The Chartered Institution for Further Education, the brainchild of the former skills minister John Hayes, was first conceived back in 2012, to get high-achieving FE providers the royal seal of approval.
But almost six years later – and more than two years after it first started accepting paying members – just eight providers have been awarded “chartered status”. A Freedom of Information request has revealed that the institution has received more than £1 million in public subsidy, and is still being propped up to the tune of £210,000 a year.
FE Week’s editor Nick Linford caught up with the institution’s chief executive Dan Wright to talk about how it plans to recruit more members, and what’s in it for providers.
To have a royal charter is something which is unique to the sector
Why is the CIFE still receiving public money?
Quite simply, it doesn’t yet have enough members. Mr Wright acknowledges that a “lot of time” has been spent on “setting up the institution and getting it through the privy council”, and “determining the body as something that’s going to add value to the sector”, but he admits there is still “a big task for us to do”.
Part of the challenge is that providers, grappling with issues like the apprenticeship levy and the non-levy tender debacle, are telling him “we’ve got our plates full at the moment”.
He has a plan, however, agreed with the Department for Education last summer, setting out how the institution will be self-sufficient by mid-2019.
“We needed to make the plan realistic but acceptable to the department, so they knew we had a date by which we would be free of government funding,” he says.
How will the CIFE survive without public money?
Mr Wright’s goal is to have 80 members, which would make it “completely free” of government subsidy.
Although that’s a massive jump from the institution’s current membership of just eight, he’s “very confident” he’ll meet that target.
The “current pipeline” – which he says is “pretty much in line” with his plan – “is that there are seven applications which are currently being considered, a further eight which are on the point of being submitted, and as of today’s date, 45 organisations we are in active discussions with”.
Each prospective member pays a £3,000 fee to have their application assessed – a process that involves a financial assessment as well as evaluation against the institution’s quality criteria – and a further £5,000 a year in membership fees.
The DfE is “reviewing the progress against the plan, and they hold my feet to the fire in terms of are we progressing against it”, Mr Wright says.
How do you counter the criticism that the CIFE is elitist?
He acknowledges that some people might see the CIFE as elitist, although that’s not how he wants it.
The regalia of the institution’s first inauguration ceremony, held last February – complete with full academic dress – can’t have helped its highbrow image, I suggest.
Mr Wright tells me that the institution’s chair, Lord Lingfield, “wishes to present it in that way” – but is quick to defend the approach himself.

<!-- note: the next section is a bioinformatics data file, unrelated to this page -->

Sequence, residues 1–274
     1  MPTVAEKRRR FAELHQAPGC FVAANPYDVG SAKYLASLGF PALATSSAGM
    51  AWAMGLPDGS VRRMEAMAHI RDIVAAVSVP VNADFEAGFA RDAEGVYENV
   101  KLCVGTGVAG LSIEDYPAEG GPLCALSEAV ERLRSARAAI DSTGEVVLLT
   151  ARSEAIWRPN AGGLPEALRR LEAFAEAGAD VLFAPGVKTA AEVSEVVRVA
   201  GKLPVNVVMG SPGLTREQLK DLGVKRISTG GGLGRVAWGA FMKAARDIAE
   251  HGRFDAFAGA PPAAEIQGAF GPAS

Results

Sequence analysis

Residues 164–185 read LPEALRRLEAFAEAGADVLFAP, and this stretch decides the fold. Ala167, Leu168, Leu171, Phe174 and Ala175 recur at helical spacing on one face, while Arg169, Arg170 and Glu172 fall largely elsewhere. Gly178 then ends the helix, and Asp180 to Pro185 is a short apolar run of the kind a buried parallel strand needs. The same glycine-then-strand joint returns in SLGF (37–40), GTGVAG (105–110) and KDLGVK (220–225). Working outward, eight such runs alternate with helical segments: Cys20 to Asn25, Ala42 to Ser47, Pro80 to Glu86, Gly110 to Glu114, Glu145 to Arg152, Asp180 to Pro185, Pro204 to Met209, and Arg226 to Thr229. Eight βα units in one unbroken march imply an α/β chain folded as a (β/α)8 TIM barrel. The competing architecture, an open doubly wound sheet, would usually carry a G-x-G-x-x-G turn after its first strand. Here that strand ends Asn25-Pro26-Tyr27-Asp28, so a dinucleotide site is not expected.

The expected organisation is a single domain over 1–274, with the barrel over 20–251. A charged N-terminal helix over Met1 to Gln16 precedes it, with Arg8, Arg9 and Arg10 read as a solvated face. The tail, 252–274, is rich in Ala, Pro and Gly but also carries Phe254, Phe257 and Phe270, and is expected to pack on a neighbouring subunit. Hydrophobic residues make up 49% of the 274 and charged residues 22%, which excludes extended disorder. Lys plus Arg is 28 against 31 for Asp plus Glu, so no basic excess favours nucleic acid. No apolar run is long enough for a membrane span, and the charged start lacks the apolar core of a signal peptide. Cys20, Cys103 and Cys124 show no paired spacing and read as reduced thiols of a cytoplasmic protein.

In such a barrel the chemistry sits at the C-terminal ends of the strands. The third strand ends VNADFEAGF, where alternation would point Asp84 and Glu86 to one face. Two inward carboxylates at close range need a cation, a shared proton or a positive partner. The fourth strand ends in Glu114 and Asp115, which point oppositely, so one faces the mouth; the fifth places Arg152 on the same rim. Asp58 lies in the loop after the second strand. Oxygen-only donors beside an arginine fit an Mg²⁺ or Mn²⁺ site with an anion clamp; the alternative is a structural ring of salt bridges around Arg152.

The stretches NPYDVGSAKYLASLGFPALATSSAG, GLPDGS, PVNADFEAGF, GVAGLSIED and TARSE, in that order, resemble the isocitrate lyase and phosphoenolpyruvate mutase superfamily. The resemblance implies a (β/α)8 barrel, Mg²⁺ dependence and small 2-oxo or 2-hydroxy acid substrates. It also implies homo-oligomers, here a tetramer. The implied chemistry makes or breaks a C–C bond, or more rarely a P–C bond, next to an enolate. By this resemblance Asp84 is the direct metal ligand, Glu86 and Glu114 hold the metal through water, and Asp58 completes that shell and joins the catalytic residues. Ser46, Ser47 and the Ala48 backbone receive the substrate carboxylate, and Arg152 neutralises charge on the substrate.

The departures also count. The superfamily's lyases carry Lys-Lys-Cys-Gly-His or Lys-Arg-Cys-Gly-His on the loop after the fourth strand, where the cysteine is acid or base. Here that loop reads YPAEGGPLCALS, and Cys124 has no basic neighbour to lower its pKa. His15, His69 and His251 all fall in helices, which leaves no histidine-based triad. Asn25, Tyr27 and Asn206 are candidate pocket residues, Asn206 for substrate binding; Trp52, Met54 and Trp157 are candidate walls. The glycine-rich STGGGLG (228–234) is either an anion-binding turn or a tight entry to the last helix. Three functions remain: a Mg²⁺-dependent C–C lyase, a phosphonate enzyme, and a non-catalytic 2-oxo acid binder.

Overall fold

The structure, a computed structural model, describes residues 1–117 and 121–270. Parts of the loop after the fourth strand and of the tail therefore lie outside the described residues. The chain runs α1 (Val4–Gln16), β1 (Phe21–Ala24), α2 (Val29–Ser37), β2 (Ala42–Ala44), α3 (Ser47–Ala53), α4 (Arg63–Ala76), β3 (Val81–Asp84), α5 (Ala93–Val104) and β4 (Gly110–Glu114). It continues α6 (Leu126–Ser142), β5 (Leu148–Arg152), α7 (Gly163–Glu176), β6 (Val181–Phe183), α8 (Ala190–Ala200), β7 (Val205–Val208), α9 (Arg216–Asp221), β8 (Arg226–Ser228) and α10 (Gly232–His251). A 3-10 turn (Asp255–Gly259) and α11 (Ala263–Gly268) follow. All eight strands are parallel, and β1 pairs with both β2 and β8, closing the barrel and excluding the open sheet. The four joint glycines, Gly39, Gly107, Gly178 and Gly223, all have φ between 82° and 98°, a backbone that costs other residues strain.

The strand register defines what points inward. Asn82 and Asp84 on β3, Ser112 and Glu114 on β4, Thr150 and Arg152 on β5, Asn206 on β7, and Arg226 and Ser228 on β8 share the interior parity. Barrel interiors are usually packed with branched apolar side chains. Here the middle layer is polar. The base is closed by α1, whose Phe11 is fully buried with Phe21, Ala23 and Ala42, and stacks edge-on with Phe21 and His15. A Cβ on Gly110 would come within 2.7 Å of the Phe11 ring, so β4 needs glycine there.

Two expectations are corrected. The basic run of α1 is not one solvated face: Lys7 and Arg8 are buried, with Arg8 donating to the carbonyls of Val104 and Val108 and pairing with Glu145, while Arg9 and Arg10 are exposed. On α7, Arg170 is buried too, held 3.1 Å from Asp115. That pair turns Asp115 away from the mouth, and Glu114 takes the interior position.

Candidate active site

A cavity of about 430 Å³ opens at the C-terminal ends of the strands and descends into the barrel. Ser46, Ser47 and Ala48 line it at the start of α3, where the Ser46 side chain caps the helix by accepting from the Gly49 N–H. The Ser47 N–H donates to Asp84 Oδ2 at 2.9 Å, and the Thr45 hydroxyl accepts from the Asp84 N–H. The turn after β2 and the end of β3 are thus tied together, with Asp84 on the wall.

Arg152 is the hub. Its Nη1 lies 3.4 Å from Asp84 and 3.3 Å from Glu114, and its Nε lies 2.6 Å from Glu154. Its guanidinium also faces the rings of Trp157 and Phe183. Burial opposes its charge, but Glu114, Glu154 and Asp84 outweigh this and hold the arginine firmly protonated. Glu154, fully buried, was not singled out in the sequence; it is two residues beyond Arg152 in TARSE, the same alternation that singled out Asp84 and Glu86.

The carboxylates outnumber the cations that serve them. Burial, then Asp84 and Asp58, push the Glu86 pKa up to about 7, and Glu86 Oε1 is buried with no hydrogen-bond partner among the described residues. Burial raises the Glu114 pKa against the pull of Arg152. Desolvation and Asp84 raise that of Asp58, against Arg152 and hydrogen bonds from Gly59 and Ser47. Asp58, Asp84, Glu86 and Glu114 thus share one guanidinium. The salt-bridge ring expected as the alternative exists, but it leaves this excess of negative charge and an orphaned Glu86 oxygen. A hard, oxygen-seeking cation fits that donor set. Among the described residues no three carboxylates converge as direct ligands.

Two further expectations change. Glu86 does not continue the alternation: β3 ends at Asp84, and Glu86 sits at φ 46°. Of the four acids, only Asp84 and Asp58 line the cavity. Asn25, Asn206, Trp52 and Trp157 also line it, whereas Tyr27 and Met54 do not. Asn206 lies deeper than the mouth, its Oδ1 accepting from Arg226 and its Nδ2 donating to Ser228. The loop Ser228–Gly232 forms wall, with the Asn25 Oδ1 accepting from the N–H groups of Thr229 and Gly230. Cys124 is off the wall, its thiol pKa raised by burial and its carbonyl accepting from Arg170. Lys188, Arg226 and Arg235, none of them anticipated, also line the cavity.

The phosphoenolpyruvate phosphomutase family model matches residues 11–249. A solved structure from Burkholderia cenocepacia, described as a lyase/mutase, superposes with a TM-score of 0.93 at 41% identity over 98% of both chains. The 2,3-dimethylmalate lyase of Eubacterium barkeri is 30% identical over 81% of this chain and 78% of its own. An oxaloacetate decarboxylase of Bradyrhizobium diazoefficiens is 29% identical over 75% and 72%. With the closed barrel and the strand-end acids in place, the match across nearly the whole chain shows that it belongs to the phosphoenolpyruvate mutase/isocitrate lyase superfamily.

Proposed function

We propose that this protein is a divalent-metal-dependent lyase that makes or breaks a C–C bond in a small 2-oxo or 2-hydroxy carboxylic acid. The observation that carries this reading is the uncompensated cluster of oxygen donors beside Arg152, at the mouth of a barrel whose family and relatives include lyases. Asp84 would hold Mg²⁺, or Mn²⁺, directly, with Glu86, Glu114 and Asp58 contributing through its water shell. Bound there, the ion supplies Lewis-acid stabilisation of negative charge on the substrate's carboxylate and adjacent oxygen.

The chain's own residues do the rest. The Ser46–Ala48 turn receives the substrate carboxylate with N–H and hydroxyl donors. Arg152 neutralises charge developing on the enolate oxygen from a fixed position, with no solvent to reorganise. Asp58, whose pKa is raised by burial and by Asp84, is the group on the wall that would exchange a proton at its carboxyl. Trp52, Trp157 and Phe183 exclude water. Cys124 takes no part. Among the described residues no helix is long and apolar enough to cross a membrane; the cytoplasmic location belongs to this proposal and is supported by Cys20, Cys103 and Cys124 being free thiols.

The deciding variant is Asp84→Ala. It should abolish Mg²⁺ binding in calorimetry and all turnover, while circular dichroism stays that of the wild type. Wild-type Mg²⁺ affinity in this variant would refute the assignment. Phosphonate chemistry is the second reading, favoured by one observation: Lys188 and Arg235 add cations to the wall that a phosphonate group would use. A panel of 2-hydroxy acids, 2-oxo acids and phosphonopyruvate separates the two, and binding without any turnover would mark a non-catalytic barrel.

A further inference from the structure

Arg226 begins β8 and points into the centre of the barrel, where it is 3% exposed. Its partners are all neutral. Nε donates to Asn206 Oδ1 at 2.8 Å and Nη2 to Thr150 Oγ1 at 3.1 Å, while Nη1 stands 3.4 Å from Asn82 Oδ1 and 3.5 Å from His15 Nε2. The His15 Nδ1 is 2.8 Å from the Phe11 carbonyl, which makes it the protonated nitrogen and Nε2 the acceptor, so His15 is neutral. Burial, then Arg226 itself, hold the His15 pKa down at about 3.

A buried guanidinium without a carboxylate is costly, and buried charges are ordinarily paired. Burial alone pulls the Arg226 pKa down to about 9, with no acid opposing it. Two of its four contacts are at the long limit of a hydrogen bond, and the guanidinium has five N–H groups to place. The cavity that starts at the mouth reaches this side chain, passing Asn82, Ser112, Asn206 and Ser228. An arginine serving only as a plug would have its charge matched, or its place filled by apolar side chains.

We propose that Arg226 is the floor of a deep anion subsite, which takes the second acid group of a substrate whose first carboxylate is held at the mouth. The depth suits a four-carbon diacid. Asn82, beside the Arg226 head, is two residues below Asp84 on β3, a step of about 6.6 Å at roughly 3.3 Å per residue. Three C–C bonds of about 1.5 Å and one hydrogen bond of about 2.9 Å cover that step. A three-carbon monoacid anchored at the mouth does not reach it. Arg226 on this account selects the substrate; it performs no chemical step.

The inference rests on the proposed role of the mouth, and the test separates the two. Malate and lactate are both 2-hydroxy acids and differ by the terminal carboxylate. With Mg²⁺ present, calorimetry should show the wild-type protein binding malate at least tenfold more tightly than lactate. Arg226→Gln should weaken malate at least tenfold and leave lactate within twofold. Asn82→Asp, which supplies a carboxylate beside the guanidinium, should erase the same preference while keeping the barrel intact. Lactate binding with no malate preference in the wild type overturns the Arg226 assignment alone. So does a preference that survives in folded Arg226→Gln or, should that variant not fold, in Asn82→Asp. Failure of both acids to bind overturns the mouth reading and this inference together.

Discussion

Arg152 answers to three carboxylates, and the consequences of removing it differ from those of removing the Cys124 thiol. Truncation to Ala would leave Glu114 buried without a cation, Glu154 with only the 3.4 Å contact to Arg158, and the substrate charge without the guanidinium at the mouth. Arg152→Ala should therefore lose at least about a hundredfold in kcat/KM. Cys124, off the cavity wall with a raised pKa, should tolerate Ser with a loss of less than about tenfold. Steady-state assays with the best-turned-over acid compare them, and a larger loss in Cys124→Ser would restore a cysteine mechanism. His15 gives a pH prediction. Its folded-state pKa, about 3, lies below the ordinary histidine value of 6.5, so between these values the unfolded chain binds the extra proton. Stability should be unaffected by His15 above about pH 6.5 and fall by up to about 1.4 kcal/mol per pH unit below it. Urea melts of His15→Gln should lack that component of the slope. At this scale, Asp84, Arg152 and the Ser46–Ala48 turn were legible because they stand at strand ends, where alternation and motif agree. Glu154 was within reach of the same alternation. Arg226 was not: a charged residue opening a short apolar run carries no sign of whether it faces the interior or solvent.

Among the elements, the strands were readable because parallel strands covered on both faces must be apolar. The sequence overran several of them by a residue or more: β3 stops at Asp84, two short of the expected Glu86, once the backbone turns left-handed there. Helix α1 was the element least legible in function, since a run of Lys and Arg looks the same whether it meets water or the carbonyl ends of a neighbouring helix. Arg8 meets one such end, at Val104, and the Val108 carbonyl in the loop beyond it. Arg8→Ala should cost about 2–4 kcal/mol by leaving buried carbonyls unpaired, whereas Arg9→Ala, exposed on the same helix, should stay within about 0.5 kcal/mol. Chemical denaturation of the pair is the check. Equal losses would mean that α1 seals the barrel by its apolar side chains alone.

“Academic dress is a common fact of higher education – why shouldn’t it be for the FE system?” he points out.
“To have a royal charter is something which is unique to the sector and something which doesn’t exist elsewhere,” he adds, suggesting that the “sector can take advantage of that in terms of raising its profile externally”.
“Some people will see it as being elitist, and some people may see it as being very encouraging and that’s a matter of choice.”
What’s the relationship between Ofsted grade and membership?
It’s also about showcasing best practice and celebrating the achievements of the sector
The institution’s criteria are for members to be rated grade one or two – but when I push him, it turns out things aren’t quite so clear-cut.
It’s certainly “correct” to say that no grade three provider can become a member, he says.
So what happens if an existing member falls to a grade three?
“We would have a discussion,” he says. “We’d review where they’d fallen down and where the issues are. Then that would be a matter for the council to discuss as to whether their membership would continue or not.”
While this might surprise some, he insists that quality is about more than just an Ofsted grade – with other factors including “financial sustainability, whether organisations work in the right way, in an ethical way, and whether they treat their people well”.
What’s the advantage for a college or training provider to gain chartered status?
“The use of the charter mark with employers is a powerful thing,” he insists.
They’re often “bombarded with a lot of approaches” from training providers, and struggle to “determine what good provision is”, he explains – so chartered status can help “employers make clear decisions” about which provider to use. It’s also about showcasing best practice and celebrating the achievements of the sector.
“To me there’s just not enough of that,” he says. “We tend to gravitate towards the lowest common denominator – lots goes wrong, and that tends to mask what goes really right.”
Ultimately, he says, his goal is for “earned autonomy”, in which chartered status is seen as the “quality standard” for the sector.
“There ought to be a need for less intervention by having proved that you’ve been through a rigorous process and you’re committed to abide by a code of conduct which is going to sustain that quality throughout it.”